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8 thoughts on “Welcome to the Fishbowl: FI Experiments for 2017”

  1. I am new to your website. Good luck with the above experiments I am interested in how they turn out. I have personally done Lending Club with an aggressive strategy similar to Mr. Money Mustache but after 2 years I am only getting 2.5% so I am pulling my money out. It is too illiquid for those poor returns. I also recently purchased a property with roofstock after listening to LMM and although it is early it has been a very smooth process and I am happy with the results. I am curious how the FBA works out.

    Good luck

  2. Hi, found your site on the Dough Rollers Face book page. What are your thoughts on Lending Club? I have a small amount invested but and thinking about cashing out r/t several write offs. I’m interested in your results. Please post

    • Oh cool, glad you found us that way — didn’t realize we were mentioned there 🙂

      Lending Club: I’ve long been a fan, but it seems like their underwriting went bad when they were trying to expand so heavily (maybe 12-24 months ago) and us investors are paying the price now. I had about $20,000 in there and the defaults are just piling up and my return is plummeting. I’ve been pulling all my cash out of there when I get repayments. Not loving them right now needless to say!

  3. I just started listening to your podcast a couple weeks ago… I had no idea you started it this year! Everything sounds so polished as if you had years of experience.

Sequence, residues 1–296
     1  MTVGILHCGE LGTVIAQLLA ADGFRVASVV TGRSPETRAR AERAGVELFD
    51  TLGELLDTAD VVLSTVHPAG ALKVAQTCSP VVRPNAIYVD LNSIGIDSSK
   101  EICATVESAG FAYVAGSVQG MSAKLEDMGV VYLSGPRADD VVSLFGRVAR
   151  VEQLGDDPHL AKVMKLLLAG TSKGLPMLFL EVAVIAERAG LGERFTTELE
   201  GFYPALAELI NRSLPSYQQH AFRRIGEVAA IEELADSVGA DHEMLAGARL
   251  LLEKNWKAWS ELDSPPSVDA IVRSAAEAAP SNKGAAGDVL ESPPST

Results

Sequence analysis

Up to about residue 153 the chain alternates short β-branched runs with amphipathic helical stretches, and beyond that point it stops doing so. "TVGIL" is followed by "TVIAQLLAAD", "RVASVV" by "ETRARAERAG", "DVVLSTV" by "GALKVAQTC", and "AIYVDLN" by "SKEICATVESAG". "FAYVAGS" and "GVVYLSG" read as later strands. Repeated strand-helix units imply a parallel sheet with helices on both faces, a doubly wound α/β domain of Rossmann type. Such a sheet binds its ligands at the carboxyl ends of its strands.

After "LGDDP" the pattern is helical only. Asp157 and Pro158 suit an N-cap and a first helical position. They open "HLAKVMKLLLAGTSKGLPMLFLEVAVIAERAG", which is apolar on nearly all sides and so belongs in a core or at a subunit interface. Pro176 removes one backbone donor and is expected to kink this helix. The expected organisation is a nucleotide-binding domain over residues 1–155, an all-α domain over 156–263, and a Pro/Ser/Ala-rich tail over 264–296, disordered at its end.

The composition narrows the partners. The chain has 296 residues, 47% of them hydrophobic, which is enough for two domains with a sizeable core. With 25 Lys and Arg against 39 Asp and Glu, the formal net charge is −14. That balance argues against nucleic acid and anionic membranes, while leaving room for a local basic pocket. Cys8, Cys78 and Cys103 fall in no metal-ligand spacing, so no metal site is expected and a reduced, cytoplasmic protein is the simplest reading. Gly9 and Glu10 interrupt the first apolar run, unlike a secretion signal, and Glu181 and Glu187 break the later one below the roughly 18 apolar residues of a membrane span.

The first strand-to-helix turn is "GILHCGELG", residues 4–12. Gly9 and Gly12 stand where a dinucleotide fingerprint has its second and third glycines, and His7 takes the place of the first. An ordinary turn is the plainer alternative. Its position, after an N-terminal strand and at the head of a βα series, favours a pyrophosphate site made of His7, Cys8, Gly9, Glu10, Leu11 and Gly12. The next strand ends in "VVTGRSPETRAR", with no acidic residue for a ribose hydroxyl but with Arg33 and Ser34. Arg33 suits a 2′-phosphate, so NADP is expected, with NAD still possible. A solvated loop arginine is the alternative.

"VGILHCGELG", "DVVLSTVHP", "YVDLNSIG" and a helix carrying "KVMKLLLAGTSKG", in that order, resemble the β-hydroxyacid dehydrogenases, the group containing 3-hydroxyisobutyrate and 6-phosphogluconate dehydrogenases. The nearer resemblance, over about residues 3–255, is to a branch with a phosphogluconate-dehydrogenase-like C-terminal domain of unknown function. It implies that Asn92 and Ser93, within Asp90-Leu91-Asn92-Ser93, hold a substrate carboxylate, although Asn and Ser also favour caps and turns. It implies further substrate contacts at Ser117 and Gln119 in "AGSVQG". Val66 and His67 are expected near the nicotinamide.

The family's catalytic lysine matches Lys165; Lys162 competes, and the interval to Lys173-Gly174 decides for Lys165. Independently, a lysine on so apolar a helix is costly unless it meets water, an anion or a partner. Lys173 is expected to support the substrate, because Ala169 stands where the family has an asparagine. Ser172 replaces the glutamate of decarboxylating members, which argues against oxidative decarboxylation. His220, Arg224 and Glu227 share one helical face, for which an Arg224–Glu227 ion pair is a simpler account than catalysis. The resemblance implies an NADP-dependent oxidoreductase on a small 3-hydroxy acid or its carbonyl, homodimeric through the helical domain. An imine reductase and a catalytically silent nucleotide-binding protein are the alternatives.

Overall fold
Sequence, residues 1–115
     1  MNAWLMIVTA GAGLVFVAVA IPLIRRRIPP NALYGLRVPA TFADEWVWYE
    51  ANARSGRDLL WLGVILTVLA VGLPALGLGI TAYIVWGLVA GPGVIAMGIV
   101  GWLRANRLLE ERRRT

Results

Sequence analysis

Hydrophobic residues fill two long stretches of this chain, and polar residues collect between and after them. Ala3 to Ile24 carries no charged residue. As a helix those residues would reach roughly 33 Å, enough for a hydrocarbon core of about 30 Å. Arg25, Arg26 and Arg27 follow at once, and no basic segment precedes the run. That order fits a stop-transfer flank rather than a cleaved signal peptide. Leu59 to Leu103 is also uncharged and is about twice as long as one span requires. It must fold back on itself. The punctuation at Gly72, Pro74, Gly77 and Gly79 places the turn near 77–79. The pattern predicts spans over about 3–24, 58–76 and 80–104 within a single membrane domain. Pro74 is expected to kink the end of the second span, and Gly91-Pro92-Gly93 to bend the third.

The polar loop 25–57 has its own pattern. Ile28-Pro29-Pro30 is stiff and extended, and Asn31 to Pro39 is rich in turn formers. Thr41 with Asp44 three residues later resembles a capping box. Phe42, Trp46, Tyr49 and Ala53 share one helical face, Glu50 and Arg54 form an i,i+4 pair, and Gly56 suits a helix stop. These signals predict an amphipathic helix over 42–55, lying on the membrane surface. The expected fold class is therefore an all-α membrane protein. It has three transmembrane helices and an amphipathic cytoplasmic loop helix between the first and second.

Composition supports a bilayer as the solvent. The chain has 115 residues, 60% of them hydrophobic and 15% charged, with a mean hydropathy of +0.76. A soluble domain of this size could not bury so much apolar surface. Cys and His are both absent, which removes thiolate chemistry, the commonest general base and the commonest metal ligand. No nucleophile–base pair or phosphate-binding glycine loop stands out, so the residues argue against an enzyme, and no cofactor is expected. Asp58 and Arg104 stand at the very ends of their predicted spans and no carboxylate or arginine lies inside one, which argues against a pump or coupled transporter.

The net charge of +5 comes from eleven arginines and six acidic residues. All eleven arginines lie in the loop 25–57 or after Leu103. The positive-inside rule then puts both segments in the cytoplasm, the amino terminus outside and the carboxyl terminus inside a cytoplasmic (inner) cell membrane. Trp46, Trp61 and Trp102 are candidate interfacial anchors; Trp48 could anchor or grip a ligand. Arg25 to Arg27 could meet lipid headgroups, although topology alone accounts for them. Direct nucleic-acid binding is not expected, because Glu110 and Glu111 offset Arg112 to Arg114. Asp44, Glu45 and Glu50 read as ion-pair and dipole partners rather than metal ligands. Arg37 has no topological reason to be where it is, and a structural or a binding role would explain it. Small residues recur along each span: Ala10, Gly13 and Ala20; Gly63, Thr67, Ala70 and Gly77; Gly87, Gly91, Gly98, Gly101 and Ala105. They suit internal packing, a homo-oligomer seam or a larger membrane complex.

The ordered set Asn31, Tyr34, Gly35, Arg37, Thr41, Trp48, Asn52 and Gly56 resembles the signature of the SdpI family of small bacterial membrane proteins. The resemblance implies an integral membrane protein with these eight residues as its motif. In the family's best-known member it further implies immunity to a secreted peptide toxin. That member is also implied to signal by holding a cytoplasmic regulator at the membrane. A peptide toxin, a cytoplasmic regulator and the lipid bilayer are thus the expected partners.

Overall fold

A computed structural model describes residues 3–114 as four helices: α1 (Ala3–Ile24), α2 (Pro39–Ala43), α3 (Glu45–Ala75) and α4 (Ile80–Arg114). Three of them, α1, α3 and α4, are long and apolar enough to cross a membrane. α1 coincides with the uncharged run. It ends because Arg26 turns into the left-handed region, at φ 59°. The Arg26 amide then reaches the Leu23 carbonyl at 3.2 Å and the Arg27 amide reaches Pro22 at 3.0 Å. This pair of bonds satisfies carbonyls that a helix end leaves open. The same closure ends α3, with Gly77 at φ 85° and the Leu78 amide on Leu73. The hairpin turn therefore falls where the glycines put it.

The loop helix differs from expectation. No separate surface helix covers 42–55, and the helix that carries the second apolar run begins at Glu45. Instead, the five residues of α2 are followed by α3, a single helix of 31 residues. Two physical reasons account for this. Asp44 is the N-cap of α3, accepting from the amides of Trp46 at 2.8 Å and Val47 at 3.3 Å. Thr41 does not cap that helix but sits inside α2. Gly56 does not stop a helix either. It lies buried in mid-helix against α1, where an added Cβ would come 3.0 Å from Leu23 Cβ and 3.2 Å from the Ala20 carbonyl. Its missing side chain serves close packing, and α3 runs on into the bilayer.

Great job!

  4. Hey there, I love your podcast and site. Did you ever move forward with the 3-hour carflip? What happened?
    Also, I’ve been investing in Lending Club for 10 years and have been pulling my money out as loans are repaid. Their CEO was ousted and an SEC investigation found some pretty bad stuff.

    • I haven’t done the car-flip, This year I ended up focusing on the travel rewards, and building the podcast, website. Next year I hope to branch into real estate. Yeah Lending club went downhill fast, Thanks for reaching out and glad your enjoying the podcast

  5. Hmmmm….. your 2017 Experiments sound interesting. Did you ever invest in the single-family home? My own research is that residential real estate can provide returns for sure but not great returns because of:
    – tenants who only lease for a year or two & then move out
    – vacancy for a month or so when they move out
    – more realtor commissions to pay to get a new tenant
    – tons of repairs when a tenant leaves that you have to do before you can lease it again, flooring, painting, etc.
    – maintenance even while you have a tenant: plumbing issues, roof leaks, fences, trees falling, you name it
    – property taxes that you pay and not the tenant
    – building insurance that you pay and not the tenant
    After all the above you’re lucky if the cap rate on the investment is above 6%.

    I have the perfect antidote to all of these problems. It’s a very particular commercial real estate investment and it solves many of the problems above.